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The Dragon’s entrails

PLASMA 6 article

On 7th March 2020, the CRS20 Dragon cargo capsule was launched for the last time, propelled by the Falcon 9 on its way to the International Space Station. JP, a Fluid Systems Prop Technician at SpaceX, was part of this mission. The PLASMA team met JP during our stay in LA atop the ACE Hotel in Downtown to chat about sustainability, his daily work at Space X and how sci-fi has inspired his career.

PLASMA: We just have to ask… How is it to work at Space X?

JP: When I started it wasn’t as popular because we were not doing as much! We were launching about 3 rockets a year, if we were lucky. Now we’re launching about 20 a year plus all the R&D stuff like the starship and whatnot. Now that it’s a lot more well-known it’s kind of cool cause people recognise you, plus there’s a bit of stigma from other aerospace companies as they work entirely different from what we do; they require an entirely different mentality that you don’t have here. In fact, Elon is adamant about not having any of the old aerospace bad habits. We work a lot of hours, do cool shit, celebrate… We’re very lucky that our department gets a bit more money and we get really cool venues when we do parties! You do have to go to work the next day though…

PLASMA magazine 6 interview with JP

PLASMA: What’s your daily job at Space X?

JP: My job is to build the organs, the heart, the lings, the stomach of the Dragon… that’s what I do!

I work for the Dragon Prop Assembly department who build the fluid systems. Essentially what we do is build the organs of the Dragon, and then we weld them and assemble everything together. There’s a lot of testing, engineering… Once that’s done it gets put together with the pressure section, where the astronauts will travel.

PLASMA: What motivates you to do your work every day?

JP: The fact that I’m passionate about it! Sometimes I feel like a woodworker, building all these parts and when you finish and touch up all the details the work is entirely you! It feels great to see where the thing you’ve made is going to go, what it’s going to do… you take credit for it! It’s very stressful and it requires a lot from you, especially now that we are sending people up to space they require a lot in terms of detail and quality of work. A lot of people end up dropping out, but I’ve been there 7 years, so I know what’s coming! It’s like being with a lover, sometimes you love it, sometimes you don’t!

PLASMA: Did you always know you wanted to work in aerospace?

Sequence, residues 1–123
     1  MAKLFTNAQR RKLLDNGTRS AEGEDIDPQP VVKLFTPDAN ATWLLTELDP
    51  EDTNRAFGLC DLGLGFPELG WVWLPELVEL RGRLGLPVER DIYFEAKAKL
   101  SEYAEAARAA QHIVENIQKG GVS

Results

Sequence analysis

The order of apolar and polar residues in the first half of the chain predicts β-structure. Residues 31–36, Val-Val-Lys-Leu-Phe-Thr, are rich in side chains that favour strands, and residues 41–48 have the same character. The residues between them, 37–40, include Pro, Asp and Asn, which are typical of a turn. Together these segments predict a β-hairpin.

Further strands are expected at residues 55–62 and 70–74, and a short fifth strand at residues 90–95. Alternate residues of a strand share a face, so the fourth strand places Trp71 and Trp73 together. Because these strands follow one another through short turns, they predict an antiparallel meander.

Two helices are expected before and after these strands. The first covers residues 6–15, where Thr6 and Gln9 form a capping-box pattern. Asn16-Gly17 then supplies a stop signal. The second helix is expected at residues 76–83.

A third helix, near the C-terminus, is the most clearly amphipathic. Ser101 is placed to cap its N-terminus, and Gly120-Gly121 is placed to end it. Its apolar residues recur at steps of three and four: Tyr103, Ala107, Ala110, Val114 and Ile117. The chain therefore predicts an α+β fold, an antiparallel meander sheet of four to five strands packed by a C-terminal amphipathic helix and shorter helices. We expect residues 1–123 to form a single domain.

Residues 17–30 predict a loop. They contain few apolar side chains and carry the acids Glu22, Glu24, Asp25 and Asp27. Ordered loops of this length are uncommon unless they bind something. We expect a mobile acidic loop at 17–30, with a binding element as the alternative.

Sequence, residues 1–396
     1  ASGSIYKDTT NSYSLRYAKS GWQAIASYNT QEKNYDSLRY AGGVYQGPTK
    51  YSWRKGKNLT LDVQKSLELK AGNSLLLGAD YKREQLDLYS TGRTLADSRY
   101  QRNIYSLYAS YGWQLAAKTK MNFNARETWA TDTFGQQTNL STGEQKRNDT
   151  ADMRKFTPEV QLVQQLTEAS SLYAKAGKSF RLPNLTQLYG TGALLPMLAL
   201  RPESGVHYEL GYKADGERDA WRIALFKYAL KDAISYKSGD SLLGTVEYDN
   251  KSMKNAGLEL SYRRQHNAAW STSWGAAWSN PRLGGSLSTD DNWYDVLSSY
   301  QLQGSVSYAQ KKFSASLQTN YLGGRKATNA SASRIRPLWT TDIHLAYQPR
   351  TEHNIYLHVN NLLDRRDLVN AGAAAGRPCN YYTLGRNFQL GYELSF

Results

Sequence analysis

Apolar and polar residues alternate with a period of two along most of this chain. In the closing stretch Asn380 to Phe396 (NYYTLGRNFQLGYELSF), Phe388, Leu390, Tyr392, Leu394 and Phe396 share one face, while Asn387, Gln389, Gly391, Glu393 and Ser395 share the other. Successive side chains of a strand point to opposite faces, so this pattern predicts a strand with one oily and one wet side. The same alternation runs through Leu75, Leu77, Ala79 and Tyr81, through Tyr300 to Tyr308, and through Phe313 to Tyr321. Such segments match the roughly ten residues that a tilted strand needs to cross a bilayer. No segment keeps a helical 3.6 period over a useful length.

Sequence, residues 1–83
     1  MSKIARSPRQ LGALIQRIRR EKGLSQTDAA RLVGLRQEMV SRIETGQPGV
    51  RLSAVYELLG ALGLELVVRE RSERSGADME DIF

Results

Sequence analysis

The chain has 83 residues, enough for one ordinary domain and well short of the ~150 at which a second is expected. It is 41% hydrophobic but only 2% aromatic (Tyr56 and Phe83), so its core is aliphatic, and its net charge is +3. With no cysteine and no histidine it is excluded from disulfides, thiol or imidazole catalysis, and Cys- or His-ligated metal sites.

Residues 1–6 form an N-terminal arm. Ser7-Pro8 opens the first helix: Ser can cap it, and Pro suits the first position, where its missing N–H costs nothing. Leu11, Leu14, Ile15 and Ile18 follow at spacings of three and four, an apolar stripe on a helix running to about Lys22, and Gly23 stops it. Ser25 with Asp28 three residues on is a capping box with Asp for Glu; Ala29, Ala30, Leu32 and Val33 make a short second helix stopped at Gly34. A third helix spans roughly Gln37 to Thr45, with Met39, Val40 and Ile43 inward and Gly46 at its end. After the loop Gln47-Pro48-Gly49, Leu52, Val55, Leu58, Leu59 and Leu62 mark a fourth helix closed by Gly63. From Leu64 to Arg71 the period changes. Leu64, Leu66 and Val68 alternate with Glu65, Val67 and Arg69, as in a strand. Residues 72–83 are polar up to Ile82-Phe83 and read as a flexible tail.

JP: I worked as a mechanic before but yes, I always knew I wanted to be part of the aerospace industry. I wanted something a lot more substantial, and I felt like aerospace was the place to be, but it’s super hard to get an aerospace job in California! When I was doing my old job, I was contacted by Space X and sent my resume. Then I did an interview, some tests… I only believed it when I was inside the building with the tools in hand!

PLASMA: What else do you do outside of work?

JP: I play the guitar with some friends, I never play in a band but you apply the same care, the same amount of detail that you would put to something like learning an instrument is the kind of detail you want to put into building a spaceship. Both in a personal and an aesthetic way… Seeing your work being put together is the same thing as seeing a song being put together!

PLASMA: Did you like sci-fi growing up?

JP: Yes! I was very inspired by sci-fi growing up. As a big fan of movies like Star Wars, being part of building a spaceship or trying to make it happen is one of the things that keeps me going. It’s like a dream come true… And I even got to meet Harrison Ford! One day me and my friend heard someone inside the rocket; so, my friend yelled ‘Hey what are you doing?’ and I stuck my head out and it was Harrison Ford!

PLASMA: Do you think that sci-fi has somehow inspired current scientific research?

JP: I think so! I think sic-fi is a thing that puts the idea into people’s consciousness. Somebody had to first imagine travelling to space and writing a story about it for people to take that information and be amazed by it. I think sci-fi is essential to our growth, because we don’t really identify with fantasy anymore. We are not really at that stage where talking about queens and princes is appropriate anymore. Talking about having robots, and going to space… I think that’s the next step. And I think that’s essential because it gives you that idea, it puts that inspiration in people. Just like Star Wars, Star Wars doesn’t preach, they don’t tell you what happens when you press the button they just press it and you see it happen! They make it completely normal and it’s possible if you imagine it.

PLASMA: What do you think the future of sustainability in aerospace will look like?

JP: If we focus only on one thing we are going to do it at the service of the other. If we develop the technology to develop on another, perhaps hostile planet, maybe we could use that here to adapt to climate change on Earth. And the other way around, if we focus on developing technologies to survive on Earth that might help us inhabit another planet. I’d say it’s important to invest in both because they would help each other a lot.

PLASMA magazine 6

full article in PLASMA 6

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